In the digital age, you’re bound to come across a few terms that garner more attention than others. Identity theft is one of them and it’s a term that’s sure to send shivers down your spine even if you’re someone who isn’t exactly sure what it is.
Well, it’s obvious that the term refers to a particular form of theft. But, what do they mean by identity theft? Well, identity theft is the theft of one’s identity. Yes, we have “progressed” into an era where theft isn’t just limited to tangible objects or property.
Today, your identity can be stolen. Identity theft involves the perpetrator stealing personal or private information and using it for their own purposes. A simple example of this would be someone stealing your credit card and using the details on it to make purchases.
In other words, identity theft does, sometimes, involve the theft of a physical object such as a credit card or a smartphone. However, identity thieves aren’t after the object itself. What they really want is the information contained in the object to carry out crimes of a greater magnitude. For example, stolen identities can be used to blackmail or extort the actual victim.
Identity thieves also use the information available to assume your identity before committing a crime. What happens as a result is it creates confusion. Quite often, innocent victims of identity theft are charged as criminals because of this confusion.
Is it rampant?
Identity theft is quite common. In the US, the Federal Trade Commission (FTC) estimates that around 9 million Americans end up being victims of identity theft every year. Of course, this number is bound to fluctuate as law enforcement agencies keep finding new ways to fight identity theft. But, that doesn’t stop identity thieves from figuring out loopholes and more advanced methods either.
In 2012, around 360,000 complains of identity theft were reported to the FTC’s Consumer Sentinel Network. That accounts for 18% of all complaints received.
Some of the most common identity theft complaints include bank fraud, fraud, loan, fraud, utilities fraud, benefits fraud, and credit card fraud etc.
In 2010, the FTC found that at least 8.6 million homes in the US fell victim to identity theft.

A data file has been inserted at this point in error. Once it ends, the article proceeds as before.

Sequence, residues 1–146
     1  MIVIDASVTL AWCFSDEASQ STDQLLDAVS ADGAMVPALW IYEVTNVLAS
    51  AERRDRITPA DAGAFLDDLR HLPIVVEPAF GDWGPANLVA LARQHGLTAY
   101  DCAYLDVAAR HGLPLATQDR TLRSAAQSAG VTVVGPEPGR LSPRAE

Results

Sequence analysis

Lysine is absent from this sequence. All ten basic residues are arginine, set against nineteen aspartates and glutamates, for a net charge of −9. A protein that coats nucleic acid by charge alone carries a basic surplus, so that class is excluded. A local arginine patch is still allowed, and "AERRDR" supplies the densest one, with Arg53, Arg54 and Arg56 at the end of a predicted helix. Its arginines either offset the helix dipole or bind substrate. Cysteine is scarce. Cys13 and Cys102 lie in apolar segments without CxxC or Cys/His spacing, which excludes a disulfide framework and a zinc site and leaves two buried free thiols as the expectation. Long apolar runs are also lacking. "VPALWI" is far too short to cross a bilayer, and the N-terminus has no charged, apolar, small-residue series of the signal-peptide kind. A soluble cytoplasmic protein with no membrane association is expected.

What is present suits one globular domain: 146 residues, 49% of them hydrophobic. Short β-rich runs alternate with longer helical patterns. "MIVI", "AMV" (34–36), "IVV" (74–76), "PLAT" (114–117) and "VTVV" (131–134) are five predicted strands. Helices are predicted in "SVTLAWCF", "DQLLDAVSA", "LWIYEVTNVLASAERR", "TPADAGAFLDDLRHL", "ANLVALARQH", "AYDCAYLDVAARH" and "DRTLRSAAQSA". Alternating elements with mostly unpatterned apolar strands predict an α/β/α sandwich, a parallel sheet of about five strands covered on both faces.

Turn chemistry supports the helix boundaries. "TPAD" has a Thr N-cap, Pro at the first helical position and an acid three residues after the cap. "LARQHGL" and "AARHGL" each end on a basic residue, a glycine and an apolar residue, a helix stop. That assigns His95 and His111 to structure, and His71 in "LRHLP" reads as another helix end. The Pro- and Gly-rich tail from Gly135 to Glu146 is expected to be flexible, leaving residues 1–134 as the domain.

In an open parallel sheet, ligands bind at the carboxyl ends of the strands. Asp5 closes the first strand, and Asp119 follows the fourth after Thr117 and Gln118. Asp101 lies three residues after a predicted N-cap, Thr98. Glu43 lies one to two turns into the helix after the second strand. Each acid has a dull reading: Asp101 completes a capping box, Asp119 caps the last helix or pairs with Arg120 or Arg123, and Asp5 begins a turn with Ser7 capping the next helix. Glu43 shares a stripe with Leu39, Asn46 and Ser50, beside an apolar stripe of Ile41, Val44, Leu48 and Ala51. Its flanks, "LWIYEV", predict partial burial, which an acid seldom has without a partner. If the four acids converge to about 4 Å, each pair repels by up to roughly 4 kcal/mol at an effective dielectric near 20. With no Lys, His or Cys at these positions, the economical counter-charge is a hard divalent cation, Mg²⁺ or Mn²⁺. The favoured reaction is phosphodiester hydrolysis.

In 2006 and 2007, the U.S. Bureau of Justice found that 5% of people in the age group of 16 and above fell victim to identity theft. That’s a total of 1.7 million people. This was also linked to a financial loss of $17 billion. In other words, each case of identity theft was worth $10,000.
These statistics only account for the identity theft that occurs in the US. Identity theft isn’t just an American problem. It’s a global cause for concern. Apart from ruining people’s lives, identity theft also leads to massive financial losses.
How do we fight identity theft?
Identity theft is a crime like any other and law enforcement agencies and government across the globe have created task forces to deal with the problem. However, safety is an individual responsibility at the end of the day and we must do what we can to protect ourselves.
Like we said earlier, identity thieves target your personal information and credentials. This can either be in physical form or digital. So, here are a few things you can do to protect yourself.
- If you have documentation (at home or at work) that contains personal information, be sure to shred them when you don’t need them anymore.
- Lock your mailbox. Identity thieves have been known to target mailboxes in order to access private details.
- Do not share personal data with people. This includes your Social Security Number, phone passwords, email passwords, and banking passwords etc. The same applies to information sharing on the internet as well. Do not carry out transactions on sites that are suspicious. Always choose trusted and secure websites.
- Do not respond to unsolicited requests or offers. People might call you or even knock on your door asking you for your credentials. Don’t bother to answer their questions or entertain their requests unless you actually sent out a query or made the request.
- Put a password on your devices. Make sure your smartphone or tablet can’t be accessed by strangers. Use a password. Also, do not use public WiFi connections, as they are very vulnerable.